persistent misconduct


A recent case sends a clear message to business owners that their HR departments involvement in a disciplinary process must be carefully managed.

An employee was accused of over claiming his expenses. The matter was investigated by a manager who had no prior experience of managing disciplinary proceedings. The manager produced a report for the internal HR department to review. He concluded that the employee was not dishonest but should receive a final warning. However, the HR department changed the report and concluded the employee was dishonest and should be dismissed.

The court ruled that the HR department’s input strayed into guilt and sanction rather than procedure and legality. The HR department had not heard the employee’s representations (as they had not met with him) and could not, and should not, have reached decisions on his guilt or sanction.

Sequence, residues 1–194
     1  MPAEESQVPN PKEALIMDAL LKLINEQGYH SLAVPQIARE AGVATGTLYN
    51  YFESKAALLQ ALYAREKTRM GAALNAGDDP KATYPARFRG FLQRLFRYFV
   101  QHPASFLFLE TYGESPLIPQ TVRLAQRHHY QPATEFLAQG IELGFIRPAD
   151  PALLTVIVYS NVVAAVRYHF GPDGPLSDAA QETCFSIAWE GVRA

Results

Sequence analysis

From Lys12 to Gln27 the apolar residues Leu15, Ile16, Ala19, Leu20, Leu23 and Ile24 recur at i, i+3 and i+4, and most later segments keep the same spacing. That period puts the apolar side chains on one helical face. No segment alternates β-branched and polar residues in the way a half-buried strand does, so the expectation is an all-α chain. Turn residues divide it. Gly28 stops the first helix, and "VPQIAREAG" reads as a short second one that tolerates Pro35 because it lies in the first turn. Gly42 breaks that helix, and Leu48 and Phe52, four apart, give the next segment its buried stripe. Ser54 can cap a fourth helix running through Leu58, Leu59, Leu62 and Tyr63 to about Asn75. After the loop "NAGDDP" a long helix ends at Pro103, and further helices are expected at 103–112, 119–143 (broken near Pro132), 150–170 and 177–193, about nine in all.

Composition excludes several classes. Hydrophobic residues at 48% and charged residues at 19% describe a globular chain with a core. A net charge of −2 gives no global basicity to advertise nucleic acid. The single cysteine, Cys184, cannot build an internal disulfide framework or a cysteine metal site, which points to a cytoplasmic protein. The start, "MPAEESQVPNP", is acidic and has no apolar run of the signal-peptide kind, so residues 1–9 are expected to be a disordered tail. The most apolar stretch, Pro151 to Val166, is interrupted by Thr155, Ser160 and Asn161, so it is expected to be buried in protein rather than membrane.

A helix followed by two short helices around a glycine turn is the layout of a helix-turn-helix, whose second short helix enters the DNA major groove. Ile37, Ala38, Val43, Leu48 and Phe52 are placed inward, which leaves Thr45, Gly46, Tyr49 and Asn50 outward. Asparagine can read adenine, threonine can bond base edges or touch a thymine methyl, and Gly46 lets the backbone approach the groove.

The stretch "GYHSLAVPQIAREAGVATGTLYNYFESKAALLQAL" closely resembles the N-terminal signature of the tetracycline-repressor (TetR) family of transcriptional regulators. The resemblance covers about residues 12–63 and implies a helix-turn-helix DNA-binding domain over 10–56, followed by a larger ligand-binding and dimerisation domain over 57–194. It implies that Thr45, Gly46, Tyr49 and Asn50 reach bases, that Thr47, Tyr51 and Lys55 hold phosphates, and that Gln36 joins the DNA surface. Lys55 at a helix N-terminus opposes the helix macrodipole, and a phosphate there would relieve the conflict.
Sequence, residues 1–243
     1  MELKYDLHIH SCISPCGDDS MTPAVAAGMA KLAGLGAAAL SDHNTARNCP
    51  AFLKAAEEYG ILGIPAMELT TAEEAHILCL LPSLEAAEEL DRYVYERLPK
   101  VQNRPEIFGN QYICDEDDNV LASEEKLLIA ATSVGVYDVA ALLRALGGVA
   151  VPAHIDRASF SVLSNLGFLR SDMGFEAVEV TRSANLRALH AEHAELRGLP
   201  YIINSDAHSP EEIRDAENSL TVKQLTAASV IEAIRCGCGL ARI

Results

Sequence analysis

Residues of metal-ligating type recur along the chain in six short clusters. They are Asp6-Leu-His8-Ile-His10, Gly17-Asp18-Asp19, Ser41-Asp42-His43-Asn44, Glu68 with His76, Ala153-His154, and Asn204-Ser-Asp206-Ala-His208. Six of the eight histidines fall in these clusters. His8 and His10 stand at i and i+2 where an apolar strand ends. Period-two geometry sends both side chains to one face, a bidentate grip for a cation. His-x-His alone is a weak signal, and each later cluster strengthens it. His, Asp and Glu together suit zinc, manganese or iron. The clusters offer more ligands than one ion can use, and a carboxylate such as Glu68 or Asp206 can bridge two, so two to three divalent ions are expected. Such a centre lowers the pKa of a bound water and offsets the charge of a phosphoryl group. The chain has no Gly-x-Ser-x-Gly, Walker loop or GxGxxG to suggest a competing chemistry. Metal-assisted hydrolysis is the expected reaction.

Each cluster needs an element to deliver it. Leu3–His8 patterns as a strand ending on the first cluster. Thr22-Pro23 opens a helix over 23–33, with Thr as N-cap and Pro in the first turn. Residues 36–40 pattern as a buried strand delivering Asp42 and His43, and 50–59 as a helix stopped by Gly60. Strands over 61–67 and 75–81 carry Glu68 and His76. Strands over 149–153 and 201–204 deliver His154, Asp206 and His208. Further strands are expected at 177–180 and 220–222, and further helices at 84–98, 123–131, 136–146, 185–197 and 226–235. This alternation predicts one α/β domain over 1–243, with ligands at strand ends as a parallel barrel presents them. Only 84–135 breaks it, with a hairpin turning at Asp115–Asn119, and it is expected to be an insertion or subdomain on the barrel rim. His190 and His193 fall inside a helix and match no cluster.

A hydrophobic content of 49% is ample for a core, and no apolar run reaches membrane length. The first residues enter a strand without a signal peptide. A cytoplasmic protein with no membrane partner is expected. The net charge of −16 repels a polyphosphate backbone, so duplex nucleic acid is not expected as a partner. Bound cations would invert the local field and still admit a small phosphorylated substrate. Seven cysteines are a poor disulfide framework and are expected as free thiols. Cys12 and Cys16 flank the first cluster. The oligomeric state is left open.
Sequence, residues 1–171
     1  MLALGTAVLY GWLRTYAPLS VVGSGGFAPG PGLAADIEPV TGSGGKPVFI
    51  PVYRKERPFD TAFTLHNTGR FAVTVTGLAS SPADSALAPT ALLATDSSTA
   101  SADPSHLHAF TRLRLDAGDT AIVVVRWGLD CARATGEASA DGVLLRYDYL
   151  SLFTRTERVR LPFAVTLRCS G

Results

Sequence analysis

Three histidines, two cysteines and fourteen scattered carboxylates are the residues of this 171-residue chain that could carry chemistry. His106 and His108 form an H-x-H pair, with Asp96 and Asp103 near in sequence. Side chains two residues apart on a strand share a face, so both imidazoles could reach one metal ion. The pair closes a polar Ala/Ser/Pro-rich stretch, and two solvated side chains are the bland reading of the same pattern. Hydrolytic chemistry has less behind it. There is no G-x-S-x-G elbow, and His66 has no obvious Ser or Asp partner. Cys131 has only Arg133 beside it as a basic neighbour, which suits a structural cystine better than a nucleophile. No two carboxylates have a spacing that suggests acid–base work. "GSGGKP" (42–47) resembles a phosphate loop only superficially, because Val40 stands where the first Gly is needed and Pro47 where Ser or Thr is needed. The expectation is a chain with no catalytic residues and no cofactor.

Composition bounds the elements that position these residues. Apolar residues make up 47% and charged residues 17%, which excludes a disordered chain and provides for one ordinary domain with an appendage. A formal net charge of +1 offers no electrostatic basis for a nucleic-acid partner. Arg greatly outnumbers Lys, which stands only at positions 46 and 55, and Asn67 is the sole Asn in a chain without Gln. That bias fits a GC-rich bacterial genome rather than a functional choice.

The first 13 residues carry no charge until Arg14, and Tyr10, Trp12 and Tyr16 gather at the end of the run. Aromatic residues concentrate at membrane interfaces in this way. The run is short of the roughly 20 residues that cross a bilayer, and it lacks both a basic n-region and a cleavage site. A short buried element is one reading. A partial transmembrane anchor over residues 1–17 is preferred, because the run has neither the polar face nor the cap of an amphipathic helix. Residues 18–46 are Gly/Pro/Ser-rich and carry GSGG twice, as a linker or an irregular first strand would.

In addition the court concluded that email exchanges between the manager and the HR department were disclosable, and unlike exchanges between a client and their lawyer, did not attract legal professional privilege.

Three key learning points from this case:

  1. All exchanges need to be checked and vetted or sent via a lawyer to claim privilege. Beware of the smoking gun…
  2. If additional issues/lines of enquiry are identified then these matters should be put to the employee at an additional meeting before any decision is reached on guilt/sanction.
  3. Giving managers sufficient training to enable them to properly manage investigations and disciplinary processes is key. Employment tribunals will always ask managers what experience and training they have received.

Ensuring your team is best equipped to manage workplace disputes is vital to avoid costly claims. If you would like further information, or training, on the investigation and management of grievance and disciplinary processes please contact Nick Phillips at Beswicks Legal on 01782 205000 or